w=.5
midLine = [[x,y,z+(.5*h)],[x+(.85*w),y,z+(.5*h)],[x+(.75*w),y,z+(.5*h)],[x+(.50*w),y,z+(.5*h)],[x+(.25*w),y,z+(.5*h)],[x+(.15*w),y,z+(.5*h)],[x+w,y,z+(.5*h)]]
topLine = [[x,y,z+h],[x+(.95*w),y,z+h],[x+(.90*w),y,z+h],[x+(.75*w),y,z+h],[x+(.65*w),y,z+h],[x+(.5*w),y,z+h],[x+(.45*w),y,z+h],[x+(.25*w),y,z+h],[x+(.15*w),y,z+h],[x+(.10*w),y,z+h],[x+w,y,z+h]]
bottomLine = [[x,y,z],[x+(.95*w),y,z],[x+(.75*w),y,z],[x+(.65*w),y,z],[x+(.50*w),y,z],[x+(.35*w),y,z],[x+(.25*w),y,z],[x+(.15*w),y,z],[x+w,y,z]]
leftLine = [[x,y,z],[x,y,z+(.05*h)],[x,y,z+(.15*h)],[x,y,z+(.25*h)],[x,y,z+(.3*h)],[x,y,z+(.45*h)],[x,y,z+(.50*h)],[x,y,z+(.55*h)],[x,y,z+(.65*h)],[x,y,z+(.75*h)],[x,y,z+(.85*h)],[x,y,z+(.95*h)],[x,y,z+h]]
rightLine = [[x+w,y,z],[x+w,y,z+(.05*h)],[x+w,y,z+(.15*h)],[x+w,y,z+(.25*h)],[x+w,y,z+(.35*h)],[x+w,y,z+(.50*h)],[x+w,y,z+(.65*h)],[x+w,y,z+(.75*h)],[x+w,y,z+(.85*h)],[x+w,y,z+(.95*h)],[x+w,y,z+h]]
tophalfRight = [[x+w,y,z+(.50*h)],[x+w,y,z+(.7*h)],[x+w,y,z+(.8*h)],[x+w,y,z+(.9*h)],[x+w,y,z+h]]
tophalfLeft = [[x,y,z+(.50*h)],[x,y,z+(.7*h)],[x,y,z+(.8*h)],[x,y,z+(.9*h)],[x,y,z+h]]
vertmidLine = [[x+(.5*w),y,z],[x+(.5*w),y,z+(.15*h)],[x+(.5*w),y,z+(.25*h)],[x+(.5*w),y,z+(.35*h)],[x+(.5*w),y,z+(.5*h)],[x+(.5*w),y,z+(.65*h)],[x+(.5*w),y,z+(.75*h)],[x+(.5*w),y,z+(.95*h)],[x+(.5*w),y,z+h]]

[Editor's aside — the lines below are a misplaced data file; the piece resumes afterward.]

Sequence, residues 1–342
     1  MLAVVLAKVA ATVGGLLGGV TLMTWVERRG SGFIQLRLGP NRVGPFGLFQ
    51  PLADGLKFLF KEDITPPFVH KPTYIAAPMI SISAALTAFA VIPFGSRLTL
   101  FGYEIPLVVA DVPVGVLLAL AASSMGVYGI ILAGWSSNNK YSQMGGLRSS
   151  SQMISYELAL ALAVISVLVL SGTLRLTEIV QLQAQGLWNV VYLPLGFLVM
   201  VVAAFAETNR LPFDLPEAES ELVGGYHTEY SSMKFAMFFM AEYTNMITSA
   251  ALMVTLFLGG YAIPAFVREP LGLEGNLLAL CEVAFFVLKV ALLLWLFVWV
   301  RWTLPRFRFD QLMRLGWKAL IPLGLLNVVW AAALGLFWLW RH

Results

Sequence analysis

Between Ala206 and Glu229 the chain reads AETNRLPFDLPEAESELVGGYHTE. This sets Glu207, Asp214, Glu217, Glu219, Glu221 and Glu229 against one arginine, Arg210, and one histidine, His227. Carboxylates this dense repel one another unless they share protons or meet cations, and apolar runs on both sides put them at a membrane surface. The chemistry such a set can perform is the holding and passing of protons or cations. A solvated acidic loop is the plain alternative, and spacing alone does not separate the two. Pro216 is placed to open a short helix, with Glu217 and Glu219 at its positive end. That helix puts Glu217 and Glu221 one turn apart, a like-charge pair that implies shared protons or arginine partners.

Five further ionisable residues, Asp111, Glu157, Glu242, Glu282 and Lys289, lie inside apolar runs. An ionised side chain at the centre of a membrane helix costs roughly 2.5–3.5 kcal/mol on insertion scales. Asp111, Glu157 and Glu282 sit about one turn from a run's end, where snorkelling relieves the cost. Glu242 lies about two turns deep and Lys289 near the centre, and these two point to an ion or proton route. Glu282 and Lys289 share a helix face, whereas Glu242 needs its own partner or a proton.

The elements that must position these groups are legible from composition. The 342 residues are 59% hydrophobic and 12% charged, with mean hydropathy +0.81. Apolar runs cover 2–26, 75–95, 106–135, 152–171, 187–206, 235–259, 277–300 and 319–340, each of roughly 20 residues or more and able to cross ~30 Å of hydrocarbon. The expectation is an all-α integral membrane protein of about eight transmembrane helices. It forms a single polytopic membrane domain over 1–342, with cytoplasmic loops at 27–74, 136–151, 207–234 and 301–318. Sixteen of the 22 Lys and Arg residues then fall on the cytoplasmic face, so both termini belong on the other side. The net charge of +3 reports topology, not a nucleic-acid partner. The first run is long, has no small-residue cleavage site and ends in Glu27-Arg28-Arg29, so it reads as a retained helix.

#REFERENCE COORDINATES
hNest = leftLine + leftLine + rightLine + midLine
aNest = leftLine + rightLine + midLine + topLine
pNest = leftLine + topLine + midLine + tophalfRight
yNest = rightLine + bottomLine + midLine + tophalfLeft
lNest = leftLine + bottomLine
oNest = rightLine + bottomLine + topLine + leftLine
wNest = rightLine + bottomLine + leftLine + vertmidLine
eNest = bottomLine + topLine + midLine + leftLine
nNest = leftLine + leftLine + rightLine + topLine

#A Function to Print The Things
def printNest(nestName,objElem,xstart,zstart):
devVal=.03
i=0
while i < len(nestName):
obj = bpy.data.objects[selObj[objElem]]
obj.location.x=nestName[i][0]+xstart
obj.location.y=nestName[i][1]
obj.location.z=nestName[i][2]-zstart
objElem+=1
i+=1
f=70
while f < 101:
obj.location.x=obj.location.x+random.uniform(-(devVal),devVal)
obj.location.y=obj.location.y+random.uniform(-(devVal),devVal)
obj.location.z=obj.location.z+random.uniform(-(devVal),devVal)
obj.keyframe_insert(data_path="location",frame=f)
f+=10

happy = [hNest,aNest,pNest,pNest,yNest]
halloween = [hNest,aNest,lNest,lNest,oNest,wNest,eNest,eNest,nNest]

lenObj=0
x=-4
i=0

while i < len(happy):
printNest(happy[i],lenObj,x,0)
lenObj=lenObj+len(happy[i])
x+=w+(.5*w)
i+=1

x=-4
i=0
while i < len(halloween):
printNest(halloween[i],lenObj,x,1.5)
lenObj=lenObj+len(halloween[i])
x+=w+(.5*w)
i+=1

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5 thoughts on “Python: How to Write a dance() Function in Blender

  1. benjmorgan says:

    Nice! Quick tip, if you want to embed python code in an html document, the code is:

     ... 

    🙂

    Liked by 2 people

  2. benjmorgan says:

    Dammit it formatted it again haha. code lang=”python” /code … Add brackets..

    Like